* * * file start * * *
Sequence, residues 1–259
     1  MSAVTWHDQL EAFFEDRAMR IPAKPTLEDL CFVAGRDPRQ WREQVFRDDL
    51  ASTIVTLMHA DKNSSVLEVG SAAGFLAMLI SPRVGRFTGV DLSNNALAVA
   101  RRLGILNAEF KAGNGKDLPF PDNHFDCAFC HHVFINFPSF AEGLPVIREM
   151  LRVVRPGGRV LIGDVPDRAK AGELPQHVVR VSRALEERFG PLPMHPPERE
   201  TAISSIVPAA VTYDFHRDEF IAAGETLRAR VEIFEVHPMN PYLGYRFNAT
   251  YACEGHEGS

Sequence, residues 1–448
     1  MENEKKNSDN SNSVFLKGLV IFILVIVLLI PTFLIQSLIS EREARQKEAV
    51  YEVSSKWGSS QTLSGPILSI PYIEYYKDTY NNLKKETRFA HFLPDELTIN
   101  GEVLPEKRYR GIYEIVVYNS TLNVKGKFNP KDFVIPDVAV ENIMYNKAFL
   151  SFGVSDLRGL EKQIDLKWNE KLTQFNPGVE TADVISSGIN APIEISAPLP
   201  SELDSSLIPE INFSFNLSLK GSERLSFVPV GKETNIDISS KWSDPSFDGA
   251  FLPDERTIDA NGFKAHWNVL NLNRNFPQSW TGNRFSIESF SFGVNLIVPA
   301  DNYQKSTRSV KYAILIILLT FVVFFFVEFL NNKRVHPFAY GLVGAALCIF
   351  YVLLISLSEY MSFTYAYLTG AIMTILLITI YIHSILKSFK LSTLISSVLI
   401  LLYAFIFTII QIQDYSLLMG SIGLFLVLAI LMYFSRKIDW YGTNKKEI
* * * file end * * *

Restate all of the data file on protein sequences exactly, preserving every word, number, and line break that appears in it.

Sequence, residues 1–259
     1  MSAVTWHDQL EAFFEDRAMR IPAKPTLEDL CFVAGRDPRQ WREQVFRDDL
    51  ASTIVTLMHA DKNSSVLEVG SAAGFLAMLI SPRVGRFTGV DLSNNALAVA
   101  RRLGILNAEF KAGNGKDLPF PDNHFDCAFC HHVFINFPSF AEGLPVIREM
   151  LRVVRPGGRV LIGDVPDRAK AGELPQHVVR VSRALEERFG PLPMHPPERE
   201  TAISSIVPAA VTYDFHRDEF IAAGETLRAR VEIFEVHPMN PYLGYRFNAT
   251  YACEGHEGS

Sequence, residues 1–448
     1  MENEKKNSDN SNSVFLKGLV IFILVIVLLI PTFLIQSLIS EREARQKEAV
    51  YEVSSKWGSS QTLSGPILSI PYIEYYKDTY NNLKKETRFA HFLPDELTIN
   101  GEVLPEKRYR GIYEIVVYNS TLNVKGKFNP KDFVIPDVAV ENIMYNKAFL
   151  SFGVSDLRGL EKQIDLKWNE KLTQFNPGVE TADVISSGIN APIEISAPLP
   201  SELDSSLIPE INFSFNLSLK GSERLSFVPV GKETNIDISS KWSDPSFDGA
   251  FLPDERTIDA NGFKAHWNVL NLNRNFPQSW TGNRFSIESF SFGVNLIVPA
   301  DNYQKSTRSV KYAILIILLT FVVFFFVEFL NNKRVHPFAY GLVGAALCIF
   351  YVLLISLSEY MSFTYAYLTG AIMTILLITI YIHSILKSFK LSTLISSVLI
   401  LLYAFIFTII QIQDYSLLMG SIGLFLVLAI LMYFSRKIDW YGTNKKEI